With the vision of avoiding typo's in strings and establishing a consistent pattern, we recommend that you create an Offering Configuration that gathers the Offering Plist and makes the identifiers available for consumption to the StoreKitCoordinator.

This is similar to the configuration file that we created for making Swift API calls.

A | Create the Offering Keys

A screenshot of XCode with the OfferingKeys.swift highlighted and showing the code available below.

Under Models, in the StoreKit folder, create a new file called OfferingKeys.swift and create enums that match your offering in a similar way to the code available below.

When writing your Enum, make sure that each of the cases matches an item in the Offering.plist that you created.

B | Create the Offering Configuration base file

A screenshot of XCode with the OfferingConfiguration.swift highlighted and selected, showing the code available below.

Under Models, in the StoreKit folder, create a new file called OfferingConfiguration.swift and paste in the code below.

This file is responsible for gathering the offering on initialization and allocating it to an offering variable so that it can be consumed by the StoreKitCoordinator. It also carries a utility to access the value (i.e. product id) when passing in a key (which matches one of the enums created in the step above).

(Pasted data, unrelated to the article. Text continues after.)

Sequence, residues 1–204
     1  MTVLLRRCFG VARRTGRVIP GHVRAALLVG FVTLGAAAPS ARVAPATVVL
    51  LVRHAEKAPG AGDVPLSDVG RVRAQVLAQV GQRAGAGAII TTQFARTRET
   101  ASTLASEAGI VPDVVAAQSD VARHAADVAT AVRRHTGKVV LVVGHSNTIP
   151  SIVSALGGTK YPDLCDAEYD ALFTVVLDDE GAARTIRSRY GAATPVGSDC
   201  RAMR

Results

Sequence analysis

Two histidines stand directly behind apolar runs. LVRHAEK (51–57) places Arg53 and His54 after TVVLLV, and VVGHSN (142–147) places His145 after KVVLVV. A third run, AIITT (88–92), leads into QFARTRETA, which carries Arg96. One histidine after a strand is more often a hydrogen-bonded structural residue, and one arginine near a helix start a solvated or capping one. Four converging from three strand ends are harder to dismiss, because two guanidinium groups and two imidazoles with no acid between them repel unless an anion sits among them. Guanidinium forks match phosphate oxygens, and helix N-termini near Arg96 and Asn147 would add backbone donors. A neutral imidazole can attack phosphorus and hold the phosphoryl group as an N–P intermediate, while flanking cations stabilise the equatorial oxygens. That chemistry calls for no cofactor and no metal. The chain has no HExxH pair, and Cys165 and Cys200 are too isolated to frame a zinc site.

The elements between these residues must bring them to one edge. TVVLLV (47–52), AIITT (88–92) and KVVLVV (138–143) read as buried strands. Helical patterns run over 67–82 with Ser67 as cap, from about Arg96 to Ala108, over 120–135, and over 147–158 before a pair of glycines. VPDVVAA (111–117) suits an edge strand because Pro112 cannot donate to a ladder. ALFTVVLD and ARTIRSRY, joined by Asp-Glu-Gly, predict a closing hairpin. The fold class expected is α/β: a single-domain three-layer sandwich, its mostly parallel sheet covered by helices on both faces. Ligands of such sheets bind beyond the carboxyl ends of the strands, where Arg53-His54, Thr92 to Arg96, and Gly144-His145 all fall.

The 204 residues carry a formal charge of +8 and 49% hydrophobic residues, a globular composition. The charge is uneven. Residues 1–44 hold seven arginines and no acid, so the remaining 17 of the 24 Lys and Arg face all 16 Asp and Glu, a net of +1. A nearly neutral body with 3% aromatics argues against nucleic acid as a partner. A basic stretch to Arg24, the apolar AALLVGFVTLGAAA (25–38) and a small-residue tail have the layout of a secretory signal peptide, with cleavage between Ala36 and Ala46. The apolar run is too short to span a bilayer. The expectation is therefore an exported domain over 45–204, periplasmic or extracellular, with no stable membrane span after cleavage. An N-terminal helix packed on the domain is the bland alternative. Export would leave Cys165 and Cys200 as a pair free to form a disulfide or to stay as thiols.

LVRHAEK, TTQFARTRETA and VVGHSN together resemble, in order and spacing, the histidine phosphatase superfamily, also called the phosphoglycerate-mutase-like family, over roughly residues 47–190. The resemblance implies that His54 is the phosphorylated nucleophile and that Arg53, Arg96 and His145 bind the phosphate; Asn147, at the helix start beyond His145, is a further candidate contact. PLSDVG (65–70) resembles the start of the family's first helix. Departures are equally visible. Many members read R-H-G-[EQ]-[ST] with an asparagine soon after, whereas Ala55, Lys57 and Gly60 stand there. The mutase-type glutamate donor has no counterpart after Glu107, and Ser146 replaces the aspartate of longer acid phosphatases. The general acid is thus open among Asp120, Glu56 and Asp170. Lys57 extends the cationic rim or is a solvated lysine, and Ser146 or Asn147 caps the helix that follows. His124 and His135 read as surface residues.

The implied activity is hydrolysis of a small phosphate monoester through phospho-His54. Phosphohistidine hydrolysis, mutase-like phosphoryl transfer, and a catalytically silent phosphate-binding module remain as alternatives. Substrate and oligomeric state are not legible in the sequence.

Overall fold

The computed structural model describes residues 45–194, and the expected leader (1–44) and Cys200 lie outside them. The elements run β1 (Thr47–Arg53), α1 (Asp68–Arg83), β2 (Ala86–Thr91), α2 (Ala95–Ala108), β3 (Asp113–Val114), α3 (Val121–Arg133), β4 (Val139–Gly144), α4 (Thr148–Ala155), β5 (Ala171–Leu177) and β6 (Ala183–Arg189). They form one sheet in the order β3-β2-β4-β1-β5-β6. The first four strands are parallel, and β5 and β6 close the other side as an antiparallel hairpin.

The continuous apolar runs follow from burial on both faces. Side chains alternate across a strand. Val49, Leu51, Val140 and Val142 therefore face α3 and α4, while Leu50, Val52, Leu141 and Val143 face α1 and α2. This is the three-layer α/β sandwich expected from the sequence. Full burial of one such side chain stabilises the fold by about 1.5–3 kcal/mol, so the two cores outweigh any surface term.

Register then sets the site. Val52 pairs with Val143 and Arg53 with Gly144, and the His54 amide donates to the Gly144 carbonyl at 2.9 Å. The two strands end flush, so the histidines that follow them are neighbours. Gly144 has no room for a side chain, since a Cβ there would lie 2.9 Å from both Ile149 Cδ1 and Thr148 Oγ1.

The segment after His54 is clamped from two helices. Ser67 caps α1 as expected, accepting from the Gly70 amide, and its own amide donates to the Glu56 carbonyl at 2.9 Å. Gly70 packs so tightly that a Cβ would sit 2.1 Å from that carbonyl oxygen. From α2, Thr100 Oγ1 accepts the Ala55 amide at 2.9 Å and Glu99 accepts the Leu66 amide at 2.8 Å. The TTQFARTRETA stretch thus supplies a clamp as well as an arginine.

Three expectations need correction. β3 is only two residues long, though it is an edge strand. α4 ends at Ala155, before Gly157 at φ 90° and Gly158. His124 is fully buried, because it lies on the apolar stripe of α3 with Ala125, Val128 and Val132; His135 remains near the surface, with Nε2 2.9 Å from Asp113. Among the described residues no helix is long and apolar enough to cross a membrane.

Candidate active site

C | Create the Offering Configuration Get functionality

A screenshot of XCode with the OfferingConfiguration+Get.swift highlighted and selected, showing the code available below.

Under Models, in the StoreKit folder, create a new file called OfferingConfiguration+Get.swift and paste in the code below.

This file is responsible for offering functions that return the value (i.e. product id) for an In-App Purchase or Subscription within your offering.

Step Three: Create additional Models & Utilities

A screenshot of XCode showing the files created for the additional models and utilities.

This step involves creating the typealias StoreKit utility as well as the StoreKit error and Subscription Tiers models.

A | Typealias Utility

A screenshot of XCode showing the Typealiases created for the StoreKit Coordinator.